|Publication number||US3992357 A|
|Application number||US 05/469,204|
|Publication date||Nov 16, 1976|
|Filing date||May 13, 1974|
|Priority date||May 13, 1974|
|Publication number||05469204, 469204, US 3992357 A, US 3992357A, US-A-3992357, US3992357 A, US3992357A|
|Inventors||Vernon George Constien|
|Original Assignee||The Dow Chemical Company|
|Export Citation||BiBTeX, EndNote, RefMan|
|Patent Citations (6), Referenced by (2), Classifications (10)|
|External Links: USPTO, USPTO Assignment, Espacenet|
HO--B--O--CH2 --C(CH3) (OH)--CH2 --O--B--O--CH2 --C--(CH3) (OH)--CH2 --O--B]n OH
This invention relates to copolycarbonates having a 2-methyl glycerol residue incorporated therein.
It is known from U.S. Pat. Nos. 3,136,741 and 3,161,615 to make polycarbonate copolymers by reacting 4,4'-dihydroxy diphenyl methanes with phosgene and various glycols such as ethylene glycol, butane glycol, and hexane glycol.
It is also known from U.S. Pat. No. 3,220,973 to use glycerine, trimethylolpropane, pentaerythritol, etc. in place of the above glycols to prepare crosslinked polycarbonates.
It is also known from Ser. No. 374,058, filed June 29, 1973, that copolycarbonates can be prepared having an epihalohydrin residue incorporated therein, however these have the disadvantage that they crosslink upon heating to about 240° C. and thus cannot be used in a standard molding apparatus.
It now has been discovered that random copolycarbonates can be prepared from a dihydric phenol, a carbonyl halide, and a 2-methyl glycerol residue-dihydric phenyl precursor and these copolycarbonates are similar in physical properties to the known bisphenol polycarbonates, i.e. the homopolycarbonates of U.S. Pat. No. 3,028,365, but the present polycarbonates are superior in that they have a higher oxygen index. This is most unexpected since the present thermoplastic copolymer has free aliphatic hydroxyl groups and ether oxygens on the polymer chains which one would expect to contribute to the combustion of the copolymer and give a lower rather than a higher oxygen index.
It is well known in the prior art that polymers in general and polycarbonates in particular can be made to have a higher oxygen index by the incorporation therein of halogenated polymerizable monomers or halogenated non-polymerizable additives.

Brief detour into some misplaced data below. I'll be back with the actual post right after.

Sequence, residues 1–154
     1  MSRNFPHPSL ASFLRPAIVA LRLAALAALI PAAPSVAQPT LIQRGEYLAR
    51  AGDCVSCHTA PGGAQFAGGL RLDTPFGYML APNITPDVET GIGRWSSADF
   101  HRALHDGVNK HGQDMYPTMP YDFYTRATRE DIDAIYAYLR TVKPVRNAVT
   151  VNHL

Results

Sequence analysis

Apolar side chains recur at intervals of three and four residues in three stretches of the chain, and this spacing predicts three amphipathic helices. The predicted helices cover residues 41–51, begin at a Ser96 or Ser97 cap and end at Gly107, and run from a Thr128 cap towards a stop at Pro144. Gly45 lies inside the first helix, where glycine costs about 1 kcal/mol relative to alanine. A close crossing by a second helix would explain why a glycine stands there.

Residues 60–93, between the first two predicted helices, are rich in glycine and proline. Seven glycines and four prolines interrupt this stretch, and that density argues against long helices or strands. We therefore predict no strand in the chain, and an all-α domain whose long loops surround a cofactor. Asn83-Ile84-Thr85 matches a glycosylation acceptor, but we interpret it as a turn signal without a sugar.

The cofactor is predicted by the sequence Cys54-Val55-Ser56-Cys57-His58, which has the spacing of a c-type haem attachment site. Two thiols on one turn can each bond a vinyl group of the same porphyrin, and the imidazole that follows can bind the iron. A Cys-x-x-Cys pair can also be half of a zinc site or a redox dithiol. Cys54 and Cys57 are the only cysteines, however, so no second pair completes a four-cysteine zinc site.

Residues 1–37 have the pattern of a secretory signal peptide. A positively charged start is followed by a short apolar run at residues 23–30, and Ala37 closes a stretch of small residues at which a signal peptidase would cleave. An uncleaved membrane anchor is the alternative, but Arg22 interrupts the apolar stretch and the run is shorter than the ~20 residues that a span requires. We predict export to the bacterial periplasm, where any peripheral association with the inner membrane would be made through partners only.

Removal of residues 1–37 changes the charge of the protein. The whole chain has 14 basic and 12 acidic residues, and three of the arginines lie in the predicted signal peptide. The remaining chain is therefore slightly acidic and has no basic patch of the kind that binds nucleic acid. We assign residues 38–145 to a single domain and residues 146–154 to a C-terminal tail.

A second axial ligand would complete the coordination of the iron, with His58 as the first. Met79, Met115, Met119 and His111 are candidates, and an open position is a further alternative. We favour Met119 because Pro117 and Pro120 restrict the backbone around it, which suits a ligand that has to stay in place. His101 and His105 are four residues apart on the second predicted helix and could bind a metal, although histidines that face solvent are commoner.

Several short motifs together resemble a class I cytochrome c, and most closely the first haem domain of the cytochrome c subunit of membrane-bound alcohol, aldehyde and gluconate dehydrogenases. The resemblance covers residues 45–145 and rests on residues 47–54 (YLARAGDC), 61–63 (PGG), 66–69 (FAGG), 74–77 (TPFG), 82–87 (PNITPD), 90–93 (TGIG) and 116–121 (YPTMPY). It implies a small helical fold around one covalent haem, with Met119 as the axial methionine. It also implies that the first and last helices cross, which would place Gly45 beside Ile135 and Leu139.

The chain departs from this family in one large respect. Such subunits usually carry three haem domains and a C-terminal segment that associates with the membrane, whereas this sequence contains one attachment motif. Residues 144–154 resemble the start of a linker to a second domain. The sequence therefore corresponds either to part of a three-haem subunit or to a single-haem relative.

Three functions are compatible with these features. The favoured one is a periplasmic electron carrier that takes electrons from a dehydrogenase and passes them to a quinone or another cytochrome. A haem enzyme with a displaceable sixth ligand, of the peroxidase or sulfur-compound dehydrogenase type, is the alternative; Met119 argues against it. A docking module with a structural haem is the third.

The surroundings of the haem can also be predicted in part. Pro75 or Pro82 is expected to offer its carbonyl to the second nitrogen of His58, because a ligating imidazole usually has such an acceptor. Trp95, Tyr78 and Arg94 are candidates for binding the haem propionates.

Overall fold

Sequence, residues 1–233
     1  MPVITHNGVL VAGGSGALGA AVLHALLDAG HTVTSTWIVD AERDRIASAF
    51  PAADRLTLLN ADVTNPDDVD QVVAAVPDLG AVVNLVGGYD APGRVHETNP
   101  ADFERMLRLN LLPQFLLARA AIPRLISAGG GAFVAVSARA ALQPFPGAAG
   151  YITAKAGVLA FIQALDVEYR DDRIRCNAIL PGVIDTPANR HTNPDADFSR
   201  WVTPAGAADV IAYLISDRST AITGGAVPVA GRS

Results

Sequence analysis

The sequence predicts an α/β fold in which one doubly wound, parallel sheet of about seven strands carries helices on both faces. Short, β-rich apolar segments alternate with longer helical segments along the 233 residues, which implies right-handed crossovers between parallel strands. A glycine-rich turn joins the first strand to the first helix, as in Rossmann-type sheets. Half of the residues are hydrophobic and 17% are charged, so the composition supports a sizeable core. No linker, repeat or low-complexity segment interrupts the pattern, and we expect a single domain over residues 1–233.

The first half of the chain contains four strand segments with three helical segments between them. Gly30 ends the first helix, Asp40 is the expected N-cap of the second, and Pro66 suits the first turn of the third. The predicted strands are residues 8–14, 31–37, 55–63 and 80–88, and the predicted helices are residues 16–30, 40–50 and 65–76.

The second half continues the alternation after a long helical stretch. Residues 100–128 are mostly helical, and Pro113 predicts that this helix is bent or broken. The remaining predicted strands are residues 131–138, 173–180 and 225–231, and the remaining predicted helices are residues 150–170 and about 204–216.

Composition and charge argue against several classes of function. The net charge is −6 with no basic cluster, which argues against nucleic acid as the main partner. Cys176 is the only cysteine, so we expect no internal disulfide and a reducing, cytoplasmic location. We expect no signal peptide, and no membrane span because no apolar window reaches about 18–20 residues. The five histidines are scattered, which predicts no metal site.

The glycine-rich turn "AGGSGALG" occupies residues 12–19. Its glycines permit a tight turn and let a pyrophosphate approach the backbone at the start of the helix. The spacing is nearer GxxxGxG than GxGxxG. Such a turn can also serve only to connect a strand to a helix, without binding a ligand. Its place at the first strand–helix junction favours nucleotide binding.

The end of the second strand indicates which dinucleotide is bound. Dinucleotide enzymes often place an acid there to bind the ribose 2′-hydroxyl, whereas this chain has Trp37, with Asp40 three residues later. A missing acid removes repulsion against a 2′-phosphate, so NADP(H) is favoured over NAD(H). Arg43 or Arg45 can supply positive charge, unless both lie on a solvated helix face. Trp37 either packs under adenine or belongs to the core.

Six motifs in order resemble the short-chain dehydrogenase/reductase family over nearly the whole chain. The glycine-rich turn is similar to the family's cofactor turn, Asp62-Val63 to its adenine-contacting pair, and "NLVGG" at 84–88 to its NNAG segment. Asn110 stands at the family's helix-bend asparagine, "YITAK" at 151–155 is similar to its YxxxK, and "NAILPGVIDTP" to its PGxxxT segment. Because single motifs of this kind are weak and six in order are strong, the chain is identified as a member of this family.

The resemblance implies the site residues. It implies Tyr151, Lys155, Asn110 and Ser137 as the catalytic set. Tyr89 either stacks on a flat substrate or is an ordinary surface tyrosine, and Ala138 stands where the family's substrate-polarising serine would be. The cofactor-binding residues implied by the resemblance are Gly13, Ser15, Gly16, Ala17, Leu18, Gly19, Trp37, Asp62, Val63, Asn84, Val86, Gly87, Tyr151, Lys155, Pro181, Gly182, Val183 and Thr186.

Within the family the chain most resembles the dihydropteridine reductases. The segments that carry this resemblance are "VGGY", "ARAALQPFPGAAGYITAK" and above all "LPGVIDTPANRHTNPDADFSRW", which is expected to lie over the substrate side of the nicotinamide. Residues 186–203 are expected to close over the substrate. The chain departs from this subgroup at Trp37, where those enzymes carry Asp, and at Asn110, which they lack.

Other additives that have been used include organophosphorus compounds and organosiloxanes.
The present invention has the advantage that the use of fire retardant additives is eliminated since the polycarbonates of this invention have an oxygen index which is substantially equal to the prior art modified polycarbonates without the necessity of adding the fire retardant additives. When the present polycarbonates do burn, hydrogen chloride and hydrogen bromide and the like are not part of the noxious gases released. This is an important advantage since it is well known that noxious gases can be hazardous to life and property in a fire situation.
The present invention is broadly the linear thermoplastic polycarbonate which comprises the reaction product under polycarbonate forming conditions of a carbonyl halide, a dihydric phenol and a polyhydroxy compound or prepolymer of the formula
HO--B--O--CH2 --C(CH3)(OH)--CH2 --O--B--O--CH2 --C--((CH3)(OH)--CH2 --O--B]n OH
wherein B is the divalent residue from a dihydric phenol and n is a whole number from 1 to 5 and averages from about 1 to about 3.0.
A preferred aspect of the present invention is a random polycarbonate having about 2 to about 60 weight percent of the above prepolymer units connected by carbonate linkages with about 40 to about 98 weight percent of the above dihydric compound. A particularly preferred polycarbonate has about 5 to about 25 weight percent prepolymer units with the remainder being about 95 to about 75 weight percent of the above dihydric compound.
A more preferred aspect of the present invention is a polycarbonate which is the reaction product under polycarbonate forming conditions of phosgene, a dihydroxy compound of the formula HO--B--OH and a polyhydroxy compound or prepolymer of the formula
HO--B--O--CH2 --C(CH3)(OH)--CH2 --O--B--O--CH2 --C(CH3)(OH)--CH2 --O--B]n OH
wherein B is the divalent group ##SPC1##
and R1 and R2 are independently hydrogen and lower alkyls such as methyl, ethyl, propyl, butyl and n is a whole number from one to five.